Here is a question and answer series from Jim McClarty of Sovereign Grace Assembly in Smyrna, Tennessee regarding salvation for “all” men.
Would you please comment on the idea of “all men” from page 55 of your book By Grace Alone? It was confusing to me.
And here is the answer:
I’m not certain what point your particular confusion involved, but I’ll give you a quick overview and hopefully it will cause the light bulb to ignite in your head.
There has been a long-standing theological debate – begun the morning Christ resurrected, I suppose – over who exactly benefited from His atoning work. After all, Christ was personally innocent of any sin. So, He should not have been subject to decay and death as the rest of us Adam-like sinners are (Acts 2:24). The wages of sin is death (Rom. 6:13), but He was spotless. So, God ‘imputed’ sin to Christ. God judicially applied our sinfulness to His Son. Thus, Christ died as a substitute for sinners. He died with our sins imputed to His account and He died to pay the penalty for those sins. That’s basic Christian doctrine.
However, the debate involves the recipients of that vicarious (or, substitutionary) act. Did Christ die for each and every mortal person who ever lived, thus removing their sin, paying their price and perfecting them forever? Or, did He die for particular people, the elect, the Church, whom He intended to save from before the foundations of the world?
Now, the first answer – that Christ died for everyone who ever lived – is much more palatable to human reason. It seems fair. And, it implies that everyone has an equal chance to be saved. The primary difficulty with this notion is the indisputable fact that not everyone actually gets saved. Some people actually are condemned and go to hell. So, what’s the difference between the saved and the condemned? If Christ died for everyone, why are some saved and some lost?
Well, the answer to that dilemma has taken many shapes and forms through the centuries. But, invariably, theologians who defend this view must add something to the work of Christ in order to complete it and make it effectual in a person’s life. For instance, they will preach that Christ died for everyone, but now you have to make a profession of faith in Christ, and that profession guarantees your salvation. Or, you have to exercise faith. Or, you have to go to enough masses. Or, you have to join the Church – especially their Church! Or, you have to do penance of some sort, repeating the Lord’s Prayer, or the Rosary. Or, you have to be baptized, or give enough money, or do enough good works.
Whatever the case, they always have to add something to Christ’s atoning work to separate the saved from the unsaved. That’s the first position, and it sounds quite tenable. Christ did most the work, now you just add your work and you’re saved! Jesus did everything He could do, but now it’s up to you to add the ingredient that will guarantee your eternal destiny. Sounds good, eh?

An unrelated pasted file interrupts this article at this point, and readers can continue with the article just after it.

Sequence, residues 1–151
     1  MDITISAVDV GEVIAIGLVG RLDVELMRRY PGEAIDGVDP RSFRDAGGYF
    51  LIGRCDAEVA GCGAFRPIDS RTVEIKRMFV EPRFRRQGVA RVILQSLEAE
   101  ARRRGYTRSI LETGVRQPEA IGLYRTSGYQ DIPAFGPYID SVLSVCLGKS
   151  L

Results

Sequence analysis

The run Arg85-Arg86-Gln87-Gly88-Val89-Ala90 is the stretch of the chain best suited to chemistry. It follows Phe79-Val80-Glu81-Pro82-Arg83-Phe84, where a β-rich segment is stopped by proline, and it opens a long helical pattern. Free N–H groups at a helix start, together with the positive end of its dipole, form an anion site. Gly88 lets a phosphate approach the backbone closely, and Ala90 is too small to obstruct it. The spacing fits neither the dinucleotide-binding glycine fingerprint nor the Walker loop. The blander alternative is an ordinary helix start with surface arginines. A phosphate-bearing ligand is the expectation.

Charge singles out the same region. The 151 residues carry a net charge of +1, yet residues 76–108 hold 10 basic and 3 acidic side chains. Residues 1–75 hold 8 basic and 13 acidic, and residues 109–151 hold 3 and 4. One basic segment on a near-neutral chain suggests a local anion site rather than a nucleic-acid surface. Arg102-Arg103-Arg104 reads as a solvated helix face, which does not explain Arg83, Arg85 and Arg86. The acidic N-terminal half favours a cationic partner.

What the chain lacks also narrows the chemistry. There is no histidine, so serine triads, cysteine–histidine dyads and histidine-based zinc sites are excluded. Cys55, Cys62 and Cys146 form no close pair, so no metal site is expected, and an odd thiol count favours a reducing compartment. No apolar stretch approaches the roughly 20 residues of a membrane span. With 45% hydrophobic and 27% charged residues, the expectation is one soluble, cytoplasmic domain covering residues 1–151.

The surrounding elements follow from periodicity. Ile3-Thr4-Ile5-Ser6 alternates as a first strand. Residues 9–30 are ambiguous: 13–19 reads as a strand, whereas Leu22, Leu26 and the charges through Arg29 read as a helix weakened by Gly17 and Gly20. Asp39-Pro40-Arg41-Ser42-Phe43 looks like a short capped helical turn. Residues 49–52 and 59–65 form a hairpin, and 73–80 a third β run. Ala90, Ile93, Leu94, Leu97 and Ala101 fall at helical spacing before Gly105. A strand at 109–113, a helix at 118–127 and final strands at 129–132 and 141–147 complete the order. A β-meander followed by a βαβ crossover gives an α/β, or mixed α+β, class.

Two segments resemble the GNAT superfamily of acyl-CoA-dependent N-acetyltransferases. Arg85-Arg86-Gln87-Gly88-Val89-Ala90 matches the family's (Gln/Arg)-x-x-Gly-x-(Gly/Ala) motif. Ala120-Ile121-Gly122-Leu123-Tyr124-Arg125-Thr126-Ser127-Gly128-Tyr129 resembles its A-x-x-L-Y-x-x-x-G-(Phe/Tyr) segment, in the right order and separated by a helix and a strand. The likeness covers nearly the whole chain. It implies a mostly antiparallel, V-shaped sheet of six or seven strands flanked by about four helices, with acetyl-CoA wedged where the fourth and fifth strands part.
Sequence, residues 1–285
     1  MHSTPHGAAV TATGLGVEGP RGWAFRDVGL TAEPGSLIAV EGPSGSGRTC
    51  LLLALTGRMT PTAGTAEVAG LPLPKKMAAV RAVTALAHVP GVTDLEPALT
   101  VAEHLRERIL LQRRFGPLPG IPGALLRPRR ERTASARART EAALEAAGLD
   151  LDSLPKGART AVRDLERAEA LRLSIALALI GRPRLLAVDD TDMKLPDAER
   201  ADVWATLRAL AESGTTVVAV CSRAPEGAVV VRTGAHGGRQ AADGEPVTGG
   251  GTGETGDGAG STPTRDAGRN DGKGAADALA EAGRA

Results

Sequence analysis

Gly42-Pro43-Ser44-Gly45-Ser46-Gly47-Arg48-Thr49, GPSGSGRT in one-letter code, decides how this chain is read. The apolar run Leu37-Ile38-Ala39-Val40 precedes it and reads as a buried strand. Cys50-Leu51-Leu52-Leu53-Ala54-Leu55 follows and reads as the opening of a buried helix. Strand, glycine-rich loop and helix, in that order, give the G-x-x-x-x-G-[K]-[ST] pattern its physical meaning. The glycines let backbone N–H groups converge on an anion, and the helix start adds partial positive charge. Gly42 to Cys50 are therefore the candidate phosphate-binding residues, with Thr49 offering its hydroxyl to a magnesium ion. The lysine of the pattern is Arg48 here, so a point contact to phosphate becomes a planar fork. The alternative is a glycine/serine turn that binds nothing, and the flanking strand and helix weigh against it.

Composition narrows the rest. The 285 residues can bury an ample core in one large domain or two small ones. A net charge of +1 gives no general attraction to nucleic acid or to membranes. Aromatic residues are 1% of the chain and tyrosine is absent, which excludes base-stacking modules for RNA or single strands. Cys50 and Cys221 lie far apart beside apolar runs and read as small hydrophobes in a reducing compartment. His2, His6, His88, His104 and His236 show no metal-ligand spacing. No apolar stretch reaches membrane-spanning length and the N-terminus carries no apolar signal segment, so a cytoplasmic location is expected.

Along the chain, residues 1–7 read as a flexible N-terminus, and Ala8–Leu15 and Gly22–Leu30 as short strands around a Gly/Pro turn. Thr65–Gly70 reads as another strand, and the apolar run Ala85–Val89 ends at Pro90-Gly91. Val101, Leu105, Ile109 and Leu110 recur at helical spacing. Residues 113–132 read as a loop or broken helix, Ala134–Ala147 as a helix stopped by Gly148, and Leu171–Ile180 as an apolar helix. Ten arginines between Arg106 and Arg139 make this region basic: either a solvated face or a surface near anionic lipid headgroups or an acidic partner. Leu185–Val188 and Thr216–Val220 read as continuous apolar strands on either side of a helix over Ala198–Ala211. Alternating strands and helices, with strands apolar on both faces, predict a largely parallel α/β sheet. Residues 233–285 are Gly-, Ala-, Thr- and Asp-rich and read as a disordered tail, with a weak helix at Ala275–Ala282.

The problem is that the Bible knows nothing of such teaching. In fact, Paul preached adamantly that there is absolutely nothing we can add to Christ’s finished work. Despite the fact that our flesh has a terribly hard time accepting it, the second proposition – that Christ died for particular people, whom He chose before the foundations of the world – is exactly what Scripture declares. That’s why so many people have trouble with the Bible and argue against it. It offends our sense of fairness and our belief that each and every person ought to have an equal opportunity to reach Heaven.
Think about it for a minute, though. Jesus taught His absolute authority to save whom He would. He called Himself God and said that He had the absolute judgment of the quick and the dead. The religious people of His day hated Him for it. They killed Him for it. Paul came along preaching the same thing, declaring Christ’s position at the right hand of God, the Father Almighty, judging men and raising up whom He would. The religious people of the day hated him, and lost his head in Rome.
Yet, the modern church has so watered down the message of salvation by grace through faith that it barely resembles the original Biblical teaching. And, they do it for a very specific reason – they don’t want to offend anyone. If you offend people, they might stop coming and stop giving. And, that would ruin the big building, the big choir, the big television cameras and the big preacher’s salary. So, they preach a more attractive gospel, which Paul said was not another. It was a lie. It was a perversion of the truth (Gal. 1:6-7).
It takes lots of nerve to preach the Bible the way it’s written. That’s why people grow up in the Church and still know virtually nothing about their Bible. That’s why preachers take a verse out of context and preach about it for fifteen minutes and then go home. That way they can pick and choose the most comfortable parts of Scripture without every having to address the more complicated truth.